The board also made 34 recommendations to improve training and officer accountability within the Baltimore Police Department.[6] The panel determined that police did not follow basic policies and made tactical errors that potentially worsened the situation, including a lack of respect for motorists who are stopped in the neighborhood.[8] The review identified the initial departure from protocol as the moment Chapman left his partner alone before backup arrived to begin lawfully searching the vehicle.[6] Additionally, the pepper spray that incapacitated the officers should have been deployed when the suspect was at least three feet away, rather than in close proximity.[6]

Ensuing protestsEdit

The friction between the Baltimore Police Department and inner-city Baltimore residents was finally thrust into the national spotlight with the death of Freddie Gray in April 2015.[8] The growing tension in Baltimore, influence by the death of Tyrone West and more directly by Freddie Gray, bubbled over in 2015 resulting in demonstrations and rioting.[8] The death of Freddie Gray prompted the U.S. Department of Justice to investigate the police department, determining in a report on August 10, 2016, that there existed cases of excessive use of force, unlawful arrests, and discrimination against African Americans.[7][8] Tawanda Jones eventually met with the family of Freddie Gray and Attorney General Loretta Lynch who promised to look into the Tyrone West case.[8]


Second autopsyEdit

In 2015, the West family attorney Dwight Petit hired Dr. William Manion to conduct an independent forensic investigation of Tyrone West's autopsy.[1][7] Manion, the chief of pathology at Memorial Hospital in Salem County, New Jersey, concluded that he died by suffocation as a result of the way police restrained him, calling it positional asphyxia.[1] This contradicted earlier assertions that he died of a heart condition.[1] Dr. Manion acknowledged the cardiac abnormality but did not believe it contributed to the death of West, submitting his findings in November 2015.[1][11]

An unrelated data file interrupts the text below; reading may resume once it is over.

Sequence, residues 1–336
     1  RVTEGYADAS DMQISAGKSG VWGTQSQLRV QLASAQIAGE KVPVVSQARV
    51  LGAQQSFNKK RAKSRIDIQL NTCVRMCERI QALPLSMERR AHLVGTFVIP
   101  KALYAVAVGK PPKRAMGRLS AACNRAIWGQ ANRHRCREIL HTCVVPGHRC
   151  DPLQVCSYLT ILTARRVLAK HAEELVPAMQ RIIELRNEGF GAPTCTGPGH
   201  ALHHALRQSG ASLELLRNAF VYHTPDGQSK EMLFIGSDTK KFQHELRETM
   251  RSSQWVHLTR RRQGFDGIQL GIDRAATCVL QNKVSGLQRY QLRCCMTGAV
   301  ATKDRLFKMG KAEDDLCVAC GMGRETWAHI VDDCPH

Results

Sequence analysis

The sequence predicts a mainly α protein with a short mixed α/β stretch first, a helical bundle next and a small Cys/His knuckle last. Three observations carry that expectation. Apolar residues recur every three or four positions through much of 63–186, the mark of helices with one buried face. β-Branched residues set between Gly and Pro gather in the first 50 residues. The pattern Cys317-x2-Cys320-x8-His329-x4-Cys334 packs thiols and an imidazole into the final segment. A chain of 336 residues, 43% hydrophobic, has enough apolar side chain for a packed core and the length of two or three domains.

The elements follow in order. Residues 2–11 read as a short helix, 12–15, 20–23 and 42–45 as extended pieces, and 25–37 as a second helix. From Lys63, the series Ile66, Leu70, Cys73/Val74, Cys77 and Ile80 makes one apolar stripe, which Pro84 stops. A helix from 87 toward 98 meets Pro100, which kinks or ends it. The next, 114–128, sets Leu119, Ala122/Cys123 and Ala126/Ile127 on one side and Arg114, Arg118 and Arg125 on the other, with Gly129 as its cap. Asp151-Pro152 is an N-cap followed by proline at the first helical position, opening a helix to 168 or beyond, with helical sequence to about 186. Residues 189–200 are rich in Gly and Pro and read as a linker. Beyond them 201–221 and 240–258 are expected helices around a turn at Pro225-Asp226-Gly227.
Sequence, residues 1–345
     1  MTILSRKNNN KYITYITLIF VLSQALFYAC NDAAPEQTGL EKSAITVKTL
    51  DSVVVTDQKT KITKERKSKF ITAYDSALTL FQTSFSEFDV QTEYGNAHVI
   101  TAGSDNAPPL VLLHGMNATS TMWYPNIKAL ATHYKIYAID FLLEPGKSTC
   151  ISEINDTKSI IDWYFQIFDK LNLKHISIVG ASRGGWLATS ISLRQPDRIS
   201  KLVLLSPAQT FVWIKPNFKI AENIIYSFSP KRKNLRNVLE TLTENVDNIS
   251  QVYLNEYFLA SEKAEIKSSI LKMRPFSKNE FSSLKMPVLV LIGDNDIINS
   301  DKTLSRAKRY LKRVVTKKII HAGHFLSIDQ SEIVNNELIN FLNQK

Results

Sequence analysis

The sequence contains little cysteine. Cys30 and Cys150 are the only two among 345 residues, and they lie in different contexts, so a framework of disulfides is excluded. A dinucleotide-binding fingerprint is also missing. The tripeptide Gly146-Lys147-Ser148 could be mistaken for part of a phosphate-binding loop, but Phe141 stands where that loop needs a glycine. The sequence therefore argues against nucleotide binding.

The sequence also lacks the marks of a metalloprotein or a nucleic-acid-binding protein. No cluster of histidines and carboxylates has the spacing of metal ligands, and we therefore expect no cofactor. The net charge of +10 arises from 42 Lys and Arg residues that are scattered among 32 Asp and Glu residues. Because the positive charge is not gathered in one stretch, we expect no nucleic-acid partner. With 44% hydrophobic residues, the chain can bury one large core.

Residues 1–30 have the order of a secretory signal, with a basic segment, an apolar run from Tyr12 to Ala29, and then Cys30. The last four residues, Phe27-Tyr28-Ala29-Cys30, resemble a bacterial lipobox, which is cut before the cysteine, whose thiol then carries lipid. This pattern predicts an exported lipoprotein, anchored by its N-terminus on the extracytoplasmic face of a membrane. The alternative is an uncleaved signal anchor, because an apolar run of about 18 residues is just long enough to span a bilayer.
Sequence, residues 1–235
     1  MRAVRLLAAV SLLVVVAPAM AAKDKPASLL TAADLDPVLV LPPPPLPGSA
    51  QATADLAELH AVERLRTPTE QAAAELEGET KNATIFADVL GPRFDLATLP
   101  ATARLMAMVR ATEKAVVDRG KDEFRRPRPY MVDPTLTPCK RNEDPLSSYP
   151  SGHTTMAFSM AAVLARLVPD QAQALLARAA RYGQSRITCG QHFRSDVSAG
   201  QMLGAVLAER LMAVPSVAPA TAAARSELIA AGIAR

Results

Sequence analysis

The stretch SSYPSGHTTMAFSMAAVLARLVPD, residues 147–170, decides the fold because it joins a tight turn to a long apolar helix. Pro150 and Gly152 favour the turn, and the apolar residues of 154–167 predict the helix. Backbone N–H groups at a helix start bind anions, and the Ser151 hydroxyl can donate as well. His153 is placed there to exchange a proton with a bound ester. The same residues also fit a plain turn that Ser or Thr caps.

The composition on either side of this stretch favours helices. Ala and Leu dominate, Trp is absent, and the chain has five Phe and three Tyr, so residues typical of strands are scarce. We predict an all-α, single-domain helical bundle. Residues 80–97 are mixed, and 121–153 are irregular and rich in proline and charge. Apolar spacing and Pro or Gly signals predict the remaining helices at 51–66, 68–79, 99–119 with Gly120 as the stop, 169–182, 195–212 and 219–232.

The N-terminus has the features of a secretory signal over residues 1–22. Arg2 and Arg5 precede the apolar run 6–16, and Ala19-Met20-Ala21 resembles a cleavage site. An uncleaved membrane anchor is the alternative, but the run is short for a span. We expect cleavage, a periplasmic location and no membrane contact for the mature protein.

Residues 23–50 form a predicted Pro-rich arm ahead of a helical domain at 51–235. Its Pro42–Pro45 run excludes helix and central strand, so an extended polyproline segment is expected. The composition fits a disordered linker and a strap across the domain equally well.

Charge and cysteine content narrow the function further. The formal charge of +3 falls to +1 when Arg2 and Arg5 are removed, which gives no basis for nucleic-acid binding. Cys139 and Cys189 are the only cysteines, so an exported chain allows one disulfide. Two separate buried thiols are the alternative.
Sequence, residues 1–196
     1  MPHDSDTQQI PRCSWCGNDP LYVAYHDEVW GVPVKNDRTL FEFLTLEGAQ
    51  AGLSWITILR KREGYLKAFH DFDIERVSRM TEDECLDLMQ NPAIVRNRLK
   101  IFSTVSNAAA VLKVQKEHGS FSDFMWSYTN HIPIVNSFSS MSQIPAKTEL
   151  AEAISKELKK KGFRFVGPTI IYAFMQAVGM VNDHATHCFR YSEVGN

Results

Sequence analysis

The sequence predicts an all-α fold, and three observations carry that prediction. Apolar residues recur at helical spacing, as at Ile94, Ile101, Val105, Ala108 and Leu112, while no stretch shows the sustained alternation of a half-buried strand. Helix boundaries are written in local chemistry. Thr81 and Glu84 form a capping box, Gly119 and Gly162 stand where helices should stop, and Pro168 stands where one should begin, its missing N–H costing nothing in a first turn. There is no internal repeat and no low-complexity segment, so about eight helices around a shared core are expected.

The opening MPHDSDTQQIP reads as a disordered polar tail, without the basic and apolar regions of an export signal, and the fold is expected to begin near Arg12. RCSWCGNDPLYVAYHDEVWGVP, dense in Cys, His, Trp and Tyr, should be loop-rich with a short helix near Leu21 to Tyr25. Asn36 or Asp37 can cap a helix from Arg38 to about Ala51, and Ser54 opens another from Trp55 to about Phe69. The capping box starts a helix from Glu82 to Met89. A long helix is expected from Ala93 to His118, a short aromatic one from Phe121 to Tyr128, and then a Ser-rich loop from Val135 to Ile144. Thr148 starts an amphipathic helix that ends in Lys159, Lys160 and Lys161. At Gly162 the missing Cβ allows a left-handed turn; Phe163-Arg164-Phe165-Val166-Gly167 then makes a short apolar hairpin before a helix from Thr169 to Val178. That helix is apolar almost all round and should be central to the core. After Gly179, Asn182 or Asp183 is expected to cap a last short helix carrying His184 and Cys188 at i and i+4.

State’s Attorney’s office responseEdit

In 2013, Assistant State's Attorney Marilyn Mosby defeated State's Attorney Gregg L. Bernstein, winning the election over the attorney who failed to bring charges in the West case.[8] Mosby was heralded as a champion for change after bringing charges against officers in the Freddie Gray case in 2015.[8] On April 14, 2016, Mosby announced she would not reopen the investigation into the death of Tyrone West citing there is no additional evidence to contradict the previous findings.[1][9] Mosby personally called Tawanda Jones to deliver the news.[9] After three separate investigations confirmed the innocence of the officers involved, State's Attorney's spokeswoman Rochelle Ritchie announced that the case would not be reopened.[12]

Third autopsyEdit

Another independent autopsy was conducted in June 2016 by Adel Shaker, a former medical examiner in Alabama and Mississippi,[7] Shaker also concluded that death was caused by positional asphyxia, suffocation from being restrained in a prone position.[7]

Missing evidenceEdit

The drugs confiscated from the car driven by Tyrone West have been lost by the Baltimore Police Department.[27] The evidence was discovered missing when attorneys for the West family subpoenaed the department to inspect the cocaine recovered at the scene, only to find it had disappeared.[27]

National televisionEdit

The case of Tyrone West gained national notoriety when his family appeared in the opening episode of the television series American Race.[10] They confronted the show's host, ex-NBA star Charles Barkley, who has frequently expressed support for both the black community and urban police departments while hoping for both to work together.[28]

See alsoEdit


  1. ^ a b c d e f g h i j k l m n o p q r Linderman, Juliet (April 30, 2016). "Report: Heart condition didn't cause Tyrone West's death in custody". Retrieved May 31, 2017.